This is in addition to the 9,043 units that were recalled on Oct. 12.
The products subject to recall are:
- 13,455 “Kirkland SignatureFoster Farms” rotisserie chickens
- 638 total units of “Kirkland Farm” rotisserie chicken soup, rotisserie chicken leg quarters, and rotisserie chicken salad.
The products were sold directly to consumers in the Costco located at 1600 El Camino Real, South San Francisco, between Sept. 24 and Oct. 15, the agency said in a press release.
Costco and the California Department of Public Health discovered through a follow-up investigation to the previous recall that additional product should be recalled. No illnesses have been reported in association with the product being recalled today.
The initial recall was initiated on Oct. 12, 2013 due to concerns about a group of Salmonella Heidelberg illnesses that may be associated with the consumption of rotisserie chicken products prepared in and purchased at the Costco El Camino Real store.
The PFGE pattern (0258) associated with this outbreak is reported rarely in the United States. FSIS, working with the Centers for Disease Control and Prevention (CDC), the California Department of Public Health and the County of San Mateo Public Health Department, determined through epidemiologic and traceback investigations that there is a link between the Costco El Camino Real rotisserie chicken products and this illness outbreak, according to the statement.
The problem may be the result of cross-contamination after the cooking process in the preparation area, the agency added in the release.
FSIS is continuing to work with CDC, public health partners in California and Costco on the investigation. It will continue to provide information as it becomes available, the statement said.
This group of illnesses is part of a larger cluster of Salmonella Heidelberg illnesses that are known to be multi-drug resistant.
For more information about the larger cluster, visit:http://www.cdc.gov/salmonella/heidelberg-10-13/index.html.
FSIS routinely conducts recall effectiveness checks to verify recalling firms notify their customers of the recall and that steps are taken to make certain that the product is no longer available to consumers.
Costco has already taken steps to contact every customer who purchased rotisserie chicken products, authorities added.
When available, the retail distribution list(s) will be posted on the FSIS website at: www.fsis.usda.gov/wps/portal/fsis/topics/recalls-and-public-health-alerts/current-recalls-and-alerts.
Consumers and media with questions regarding the recall should contact Costco at 800-774-2678.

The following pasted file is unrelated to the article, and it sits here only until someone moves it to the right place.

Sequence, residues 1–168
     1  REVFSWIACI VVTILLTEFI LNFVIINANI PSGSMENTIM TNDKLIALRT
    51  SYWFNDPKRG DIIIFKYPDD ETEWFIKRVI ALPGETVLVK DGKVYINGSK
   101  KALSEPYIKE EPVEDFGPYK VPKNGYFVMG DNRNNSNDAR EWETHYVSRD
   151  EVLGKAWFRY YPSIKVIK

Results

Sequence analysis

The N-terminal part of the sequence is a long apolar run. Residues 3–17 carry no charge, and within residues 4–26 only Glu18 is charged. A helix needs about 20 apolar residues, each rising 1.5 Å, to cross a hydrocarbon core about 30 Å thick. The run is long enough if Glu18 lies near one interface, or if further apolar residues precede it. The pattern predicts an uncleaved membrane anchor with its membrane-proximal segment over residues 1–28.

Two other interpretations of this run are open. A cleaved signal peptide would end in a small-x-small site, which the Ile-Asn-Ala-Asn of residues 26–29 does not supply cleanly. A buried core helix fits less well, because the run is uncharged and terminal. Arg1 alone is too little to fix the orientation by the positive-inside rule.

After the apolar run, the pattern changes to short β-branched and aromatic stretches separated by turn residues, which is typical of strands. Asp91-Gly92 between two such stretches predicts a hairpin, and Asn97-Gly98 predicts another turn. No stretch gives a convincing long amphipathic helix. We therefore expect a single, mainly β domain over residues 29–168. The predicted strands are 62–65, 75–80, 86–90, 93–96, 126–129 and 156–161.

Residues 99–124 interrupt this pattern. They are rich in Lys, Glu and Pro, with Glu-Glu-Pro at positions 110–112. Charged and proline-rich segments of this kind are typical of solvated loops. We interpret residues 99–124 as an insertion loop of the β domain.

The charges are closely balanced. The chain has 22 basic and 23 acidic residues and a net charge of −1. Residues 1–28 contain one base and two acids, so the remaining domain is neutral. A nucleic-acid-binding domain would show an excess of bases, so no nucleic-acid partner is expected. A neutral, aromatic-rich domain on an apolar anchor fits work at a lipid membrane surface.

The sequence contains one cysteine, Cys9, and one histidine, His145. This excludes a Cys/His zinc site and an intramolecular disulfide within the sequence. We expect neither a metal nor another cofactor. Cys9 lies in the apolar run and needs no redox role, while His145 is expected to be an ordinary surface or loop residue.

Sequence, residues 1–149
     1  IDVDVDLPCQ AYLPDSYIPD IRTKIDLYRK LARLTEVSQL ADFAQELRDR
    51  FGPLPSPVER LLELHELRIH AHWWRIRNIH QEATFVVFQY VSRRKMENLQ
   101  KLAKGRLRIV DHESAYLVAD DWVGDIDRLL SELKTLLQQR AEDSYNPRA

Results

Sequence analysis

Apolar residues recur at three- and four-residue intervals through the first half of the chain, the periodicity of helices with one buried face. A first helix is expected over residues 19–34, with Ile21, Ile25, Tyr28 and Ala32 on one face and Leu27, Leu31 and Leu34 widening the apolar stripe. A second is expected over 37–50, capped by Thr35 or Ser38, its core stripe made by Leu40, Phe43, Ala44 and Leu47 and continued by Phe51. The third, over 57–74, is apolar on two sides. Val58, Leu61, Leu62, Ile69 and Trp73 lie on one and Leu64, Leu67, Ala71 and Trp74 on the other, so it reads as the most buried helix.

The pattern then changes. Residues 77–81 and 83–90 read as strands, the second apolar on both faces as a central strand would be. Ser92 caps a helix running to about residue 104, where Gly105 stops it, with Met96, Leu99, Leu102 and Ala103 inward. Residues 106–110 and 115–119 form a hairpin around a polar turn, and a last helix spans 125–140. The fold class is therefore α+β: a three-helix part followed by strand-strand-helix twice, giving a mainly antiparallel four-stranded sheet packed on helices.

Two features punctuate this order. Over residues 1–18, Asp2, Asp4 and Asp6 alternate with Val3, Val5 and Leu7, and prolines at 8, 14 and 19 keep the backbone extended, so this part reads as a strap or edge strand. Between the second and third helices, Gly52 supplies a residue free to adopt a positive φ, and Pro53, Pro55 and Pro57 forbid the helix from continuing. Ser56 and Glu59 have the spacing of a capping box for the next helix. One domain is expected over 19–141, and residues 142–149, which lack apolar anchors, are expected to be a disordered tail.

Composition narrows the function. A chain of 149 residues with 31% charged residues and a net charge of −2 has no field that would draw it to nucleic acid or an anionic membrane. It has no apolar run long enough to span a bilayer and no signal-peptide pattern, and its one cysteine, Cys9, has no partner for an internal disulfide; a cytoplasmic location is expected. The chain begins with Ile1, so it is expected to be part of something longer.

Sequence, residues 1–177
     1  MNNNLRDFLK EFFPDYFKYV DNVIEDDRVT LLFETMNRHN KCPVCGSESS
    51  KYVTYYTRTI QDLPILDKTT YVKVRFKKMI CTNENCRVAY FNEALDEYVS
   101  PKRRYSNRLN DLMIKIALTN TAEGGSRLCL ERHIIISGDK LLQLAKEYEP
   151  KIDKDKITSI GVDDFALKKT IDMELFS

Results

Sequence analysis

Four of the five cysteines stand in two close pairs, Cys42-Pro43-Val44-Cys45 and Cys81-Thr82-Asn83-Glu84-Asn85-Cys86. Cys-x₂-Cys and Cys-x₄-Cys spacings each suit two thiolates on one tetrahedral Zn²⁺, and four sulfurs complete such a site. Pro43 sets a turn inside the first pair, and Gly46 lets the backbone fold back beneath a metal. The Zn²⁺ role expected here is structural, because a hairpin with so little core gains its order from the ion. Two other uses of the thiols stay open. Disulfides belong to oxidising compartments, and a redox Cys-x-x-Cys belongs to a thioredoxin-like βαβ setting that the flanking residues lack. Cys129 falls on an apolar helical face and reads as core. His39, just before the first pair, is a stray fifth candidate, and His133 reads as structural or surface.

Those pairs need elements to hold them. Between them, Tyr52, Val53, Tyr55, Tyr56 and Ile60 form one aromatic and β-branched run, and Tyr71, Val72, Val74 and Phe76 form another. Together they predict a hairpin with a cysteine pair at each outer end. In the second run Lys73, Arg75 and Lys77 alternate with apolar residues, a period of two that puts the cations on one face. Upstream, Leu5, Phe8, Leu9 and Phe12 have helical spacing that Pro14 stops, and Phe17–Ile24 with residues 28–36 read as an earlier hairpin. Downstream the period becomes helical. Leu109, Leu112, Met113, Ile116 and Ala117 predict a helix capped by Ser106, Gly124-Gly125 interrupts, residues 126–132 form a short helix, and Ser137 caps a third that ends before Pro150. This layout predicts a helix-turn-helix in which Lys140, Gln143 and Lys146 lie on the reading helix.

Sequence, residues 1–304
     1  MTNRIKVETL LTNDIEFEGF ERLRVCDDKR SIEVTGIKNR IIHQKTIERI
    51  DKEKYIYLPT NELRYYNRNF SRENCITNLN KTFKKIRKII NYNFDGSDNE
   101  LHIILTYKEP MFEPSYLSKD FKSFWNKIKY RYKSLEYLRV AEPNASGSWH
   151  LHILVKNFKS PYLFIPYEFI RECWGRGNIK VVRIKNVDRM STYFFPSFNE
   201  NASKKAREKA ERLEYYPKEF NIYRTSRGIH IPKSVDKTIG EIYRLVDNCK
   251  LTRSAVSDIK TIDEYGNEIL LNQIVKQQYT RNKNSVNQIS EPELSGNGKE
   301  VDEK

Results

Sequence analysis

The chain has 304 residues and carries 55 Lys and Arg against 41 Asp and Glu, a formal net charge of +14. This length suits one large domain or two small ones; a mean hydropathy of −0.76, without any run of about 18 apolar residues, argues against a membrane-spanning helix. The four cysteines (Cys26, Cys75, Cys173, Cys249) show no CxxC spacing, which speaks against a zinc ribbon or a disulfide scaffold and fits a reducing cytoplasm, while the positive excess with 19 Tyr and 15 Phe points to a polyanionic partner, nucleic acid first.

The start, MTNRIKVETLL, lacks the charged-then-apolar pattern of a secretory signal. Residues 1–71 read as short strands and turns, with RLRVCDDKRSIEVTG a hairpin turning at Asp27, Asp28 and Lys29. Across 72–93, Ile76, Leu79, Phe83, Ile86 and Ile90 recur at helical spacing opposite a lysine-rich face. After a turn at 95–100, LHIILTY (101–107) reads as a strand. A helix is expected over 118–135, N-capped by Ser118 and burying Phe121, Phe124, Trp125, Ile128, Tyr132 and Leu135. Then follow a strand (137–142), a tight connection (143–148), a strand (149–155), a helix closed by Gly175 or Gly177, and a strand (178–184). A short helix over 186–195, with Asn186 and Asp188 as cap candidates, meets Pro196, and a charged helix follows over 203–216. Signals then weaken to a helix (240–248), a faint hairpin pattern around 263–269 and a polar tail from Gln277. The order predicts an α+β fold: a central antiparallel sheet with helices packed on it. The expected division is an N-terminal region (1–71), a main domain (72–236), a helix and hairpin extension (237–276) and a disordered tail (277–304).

FSIS reminds consumers to properly handle raw poultry in a manner to prevent contamination from spreading to other foods and food contact surfaces.
FSIS further reminds consumers of the critical importance of following package cooking instructions for frozen or fresh chicken products and general food safety guidelines when handling and preparing any raw meat or poultry.
In particular, while cooking instructions may give a specific number of minutes of cooking for each side of the product to attain 165 degrees, consumers should be aware that actual time may vary depending on the cooking method (broiling, frying, or grilling) and the temperature of the product (chilled versus frozen) so it is important that the final temperature of 165 degrees be reached for safety, agency officials explained.
They also asked consumers to not rely on the cooking time for each side of the product, but use a food thermometer.
"All poultry products should be cooked to a safe minimum internal temperature of 165 degrees as determined by a food thermometer. Using a food thermometer is the only way to know that food has reached a high enough temperature to destroy foodborne bacteria," the release stated.
Consumption of food contaminated with Salmonella can cause salmonellosis, one of the most common bacterial foodborne illnesses. Salmonella infections can be life-threatening, especially to those with weak immune systems, such as infants, the elderly, and persons with HIV or undergoing chemotherapy.
The most common symptoms of salmonellosis are diarrhea, abdominal cramps and fever within eight to 72 hours. Additional symptoms may be chills, headache, nausea and vomiting that can last up to seven days.
“Ask Karen” live chat services are available Monday through Friday from 10 a.m. to 4 p.m. ET. The toll-free USDA Meat and Poultry Hotline 1-888-MPHotline (1-888-674-6854) is available in English and Spanish and can be reached from l0 a.m. to 4 p.m. (Eastern Time) Monday through Friday. Recorded food safety messages are available 24 hours a day.
The online Electronic Consumer Complaint Monitoring System can be accessed 24 hours a day at: www.fsis.usda.gov/wps/portal/fsis/topics/recalls-and-public-health-alerts/report-a-problem-with-food.